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Pediatr Allergy Immunol. 2016 Feb;27(1):35-43. doi: 10.1111/pai.12498. Epub 2015 Nov 23.

Food-allergic infants have impaired regulatory T-cell responses following in vivo allergen exposure.

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Murdoch Childrens Research Institute, Parkville, Vic., Australia.
Department of Paediatrics, University of Melbourne, Parkville, Vic., Australia.
Department of Allergy and Immunology, Royal Children's Hospital, Parkville, Vic., Australia.
Institute of Inflammation and Repair, University of Manchester, Manchester, UK.



Regulatory T cells (Tregs) are critical for development of oral tolerance, and studies suggest that dysfunction of Tregs may lead to food allergy. However, to date, no study has investigated Treg responses following in vivo exposure to peanut or egg allergens in humans.


To examine changes in peripheral blood CD4(+) CD25(+) Foxp3(+) Treg populations (total, activated and naive) in food-allergic, food-sensitized but tolerant, and healthy (non-sensitized non-allergic) patients over time following in vivo allergen exposure.


A subset of infants from the HealthNuts study with egg or peanut allergy (n = 37), egg or peanut sensitization (n = 35), or who were non-sensitized non-allergic (n = 15) were studied. All subjects underwent oral food challenge (OFC) to egg or peanut. PBMCs were obtained within 1 h of OFC (in vivo allergen exposure), and Treg populations enumerated ex vivo on day 0, and after 2 and 6 days rest in vitro.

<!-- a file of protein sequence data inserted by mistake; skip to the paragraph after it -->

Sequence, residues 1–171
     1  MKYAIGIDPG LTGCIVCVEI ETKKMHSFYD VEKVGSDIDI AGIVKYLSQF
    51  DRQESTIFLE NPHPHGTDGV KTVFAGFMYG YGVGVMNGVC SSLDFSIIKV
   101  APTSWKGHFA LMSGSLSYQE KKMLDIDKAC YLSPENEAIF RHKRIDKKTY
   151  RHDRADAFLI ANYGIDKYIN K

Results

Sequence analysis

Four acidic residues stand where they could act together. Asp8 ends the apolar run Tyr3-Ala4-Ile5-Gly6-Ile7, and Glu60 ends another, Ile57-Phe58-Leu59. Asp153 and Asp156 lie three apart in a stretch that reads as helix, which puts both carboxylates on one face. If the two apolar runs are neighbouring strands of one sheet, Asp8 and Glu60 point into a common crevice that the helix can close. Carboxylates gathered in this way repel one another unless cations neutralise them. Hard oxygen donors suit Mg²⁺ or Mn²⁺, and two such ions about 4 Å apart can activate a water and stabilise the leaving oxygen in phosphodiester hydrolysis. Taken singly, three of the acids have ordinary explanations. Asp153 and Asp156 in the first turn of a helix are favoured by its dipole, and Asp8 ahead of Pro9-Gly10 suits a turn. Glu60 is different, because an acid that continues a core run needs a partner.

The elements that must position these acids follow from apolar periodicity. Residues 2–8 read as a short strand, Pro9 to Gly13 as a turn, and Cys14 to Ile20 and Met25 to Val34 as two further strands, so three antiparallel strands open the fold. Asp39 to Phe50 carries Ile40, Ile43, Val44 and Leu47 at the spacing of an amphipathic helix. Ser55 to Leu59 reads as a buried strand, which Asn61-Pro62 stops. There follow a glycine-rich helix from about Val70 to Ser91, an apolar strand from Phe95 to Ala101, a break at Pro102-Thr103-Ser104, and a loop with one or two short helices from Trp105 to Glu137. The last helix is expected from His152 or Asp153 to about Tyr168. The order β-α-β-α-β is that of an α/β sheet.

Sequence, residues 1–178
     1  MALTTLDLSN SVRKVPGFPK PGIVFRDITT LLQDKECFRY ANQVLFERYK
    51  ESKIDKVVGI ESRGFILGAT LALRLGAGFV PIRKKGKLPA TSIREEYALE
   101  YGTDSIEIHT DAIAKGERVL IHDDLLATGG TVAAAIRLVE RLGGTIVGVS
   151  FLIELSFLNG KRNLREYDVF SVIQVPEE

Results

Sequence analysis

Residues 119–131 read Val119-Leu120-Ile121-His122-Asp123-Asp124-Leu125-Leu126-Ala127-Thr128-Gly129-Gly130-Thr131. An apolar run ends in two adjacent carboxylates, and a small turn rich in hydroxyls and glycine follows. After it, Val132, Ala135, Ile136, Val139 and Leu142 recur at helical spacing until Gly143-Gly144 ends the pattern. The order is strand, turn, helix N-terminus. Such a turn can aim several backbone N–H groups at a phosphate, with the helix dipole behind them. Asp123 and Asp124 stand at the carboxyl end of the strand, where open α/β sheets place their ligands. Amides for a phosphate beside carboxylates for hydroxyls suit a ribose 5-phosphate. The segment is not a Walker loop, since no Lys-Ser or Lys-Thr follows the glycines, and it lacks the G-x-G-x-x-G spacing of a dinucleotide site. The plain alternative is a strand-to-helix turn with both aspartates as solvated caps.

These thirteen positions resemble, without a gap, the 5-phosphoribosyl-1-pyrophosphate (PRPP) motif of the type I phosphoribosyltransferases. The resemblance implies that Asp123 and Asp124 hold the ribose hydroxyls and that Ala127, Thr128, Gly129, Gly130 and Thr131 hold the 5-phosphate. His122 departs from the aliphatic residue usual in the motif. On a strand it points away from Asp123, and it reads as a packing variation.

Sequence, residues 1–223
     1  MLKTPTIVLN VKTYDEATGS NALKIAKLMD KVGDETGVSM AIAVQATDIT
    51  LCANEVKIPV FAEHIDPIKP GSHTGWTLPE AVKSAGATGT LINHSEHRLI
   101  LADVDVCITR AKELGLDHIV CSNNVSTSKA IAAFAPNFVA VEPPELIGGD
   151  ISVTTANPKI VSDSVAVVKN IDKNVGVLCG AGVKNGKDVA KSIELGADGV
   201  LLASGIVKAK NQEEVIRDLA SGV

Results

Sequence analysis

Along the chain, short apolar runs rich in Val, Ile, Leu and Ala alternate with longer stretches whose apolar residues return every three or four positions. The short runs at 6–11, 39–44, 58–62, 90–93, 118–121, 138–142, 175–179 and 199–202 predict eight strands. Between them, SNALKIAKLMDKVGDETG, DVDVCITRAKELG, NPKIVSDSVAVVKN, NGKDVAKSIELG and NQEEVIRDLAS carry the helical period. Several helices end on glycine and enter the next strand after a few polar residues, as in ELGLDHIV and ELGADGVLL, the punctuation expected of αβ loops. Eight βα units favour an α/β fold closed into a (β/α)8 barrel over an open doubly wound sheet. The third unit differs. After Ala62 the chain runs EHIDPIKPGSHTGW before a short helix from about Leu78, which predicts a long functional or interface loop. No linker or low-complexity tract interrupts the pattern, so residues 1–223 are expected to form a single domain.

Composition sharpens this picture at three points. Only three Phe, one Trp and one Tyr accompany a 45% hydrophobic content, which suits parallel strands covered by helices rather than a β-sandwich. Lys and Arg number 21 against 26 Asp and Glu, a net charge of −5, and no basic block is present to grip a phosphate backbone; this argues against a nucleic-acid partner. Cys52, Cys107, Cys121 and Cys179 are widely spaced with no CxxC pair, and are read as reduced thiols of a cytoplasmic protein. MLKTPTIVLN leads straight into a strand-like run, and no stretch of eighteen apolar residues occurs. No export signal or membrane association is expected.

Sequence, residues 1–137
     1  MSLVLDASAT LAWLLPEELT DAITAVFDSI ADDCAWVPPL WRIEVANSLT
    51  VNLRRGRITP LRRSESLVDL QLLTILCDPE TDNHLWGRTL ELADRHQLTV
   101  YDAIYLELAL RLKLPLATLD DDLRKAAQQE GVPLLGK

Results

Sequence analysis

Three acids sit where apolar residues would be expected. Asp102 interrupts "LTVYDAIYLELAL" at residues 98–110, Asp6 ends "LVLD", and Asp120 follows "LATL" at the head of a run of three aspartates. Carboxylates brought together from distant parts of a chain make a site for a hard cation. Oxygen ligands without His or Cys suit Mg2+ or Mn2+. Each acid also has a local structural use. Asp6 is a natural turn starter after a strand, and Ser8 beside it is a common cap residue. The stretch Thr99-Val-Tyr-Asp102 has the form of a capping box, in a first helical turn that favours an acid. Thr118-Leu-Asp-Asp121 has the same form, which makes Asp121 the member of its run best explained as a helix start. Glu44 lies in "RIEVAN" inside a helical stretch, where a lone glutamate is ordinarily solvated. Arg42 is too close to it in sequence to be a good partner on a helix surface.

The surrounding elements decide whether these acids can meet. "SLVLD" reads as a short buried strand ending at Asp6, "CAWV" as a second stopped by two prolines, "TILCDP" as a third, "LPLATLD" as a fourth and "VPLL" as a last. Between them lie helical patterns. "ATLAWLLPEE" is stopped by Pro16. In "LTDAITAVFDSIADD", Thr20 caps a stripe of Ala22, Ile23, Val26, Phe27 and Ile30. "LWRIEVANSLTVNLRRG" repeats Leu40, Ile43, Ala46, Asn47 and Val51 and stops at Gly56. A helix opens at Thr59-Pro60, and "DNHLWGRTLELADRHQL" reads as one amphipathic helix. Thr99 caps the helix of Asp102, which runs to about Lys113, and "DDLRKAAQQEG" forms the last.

Non-allergic infants showed stable total Treg frequencies over time; food-sensitized infants had a transient fall in Treg percentage with recovery to baseline by day 6 (6.87% day 0, 5.27% day 2, 6.5% day 6); and food-allergic infants showed persistent reduction in Treg (6.85% day 0, 5.4% day 2, 6.2% day 6) following in vivo allergen exposure. Furthermore, food-allergic infants had a significantly lower ratio of activated Treg:activated T cells (10.5 ± 0.77) at day 0 compared to food-sensitized (14.6 ± 1.24) and non-allergic subjects (16.2 ± 1.23).


Our data suggest that the state of allergen sensitization is associated with depletion of Treg following allergen exposure. Impaired capacity to regenerate the Treg pool following allergen exposure may be an important factor that determines clinical allergy vs. sensitization without allergic reaction.


FoxP3; HealthNuts; Treg; egg allergy; food allergy; oral food challenge; peanut allergy; regulatory T cells

[Indexed for MEDLINE]

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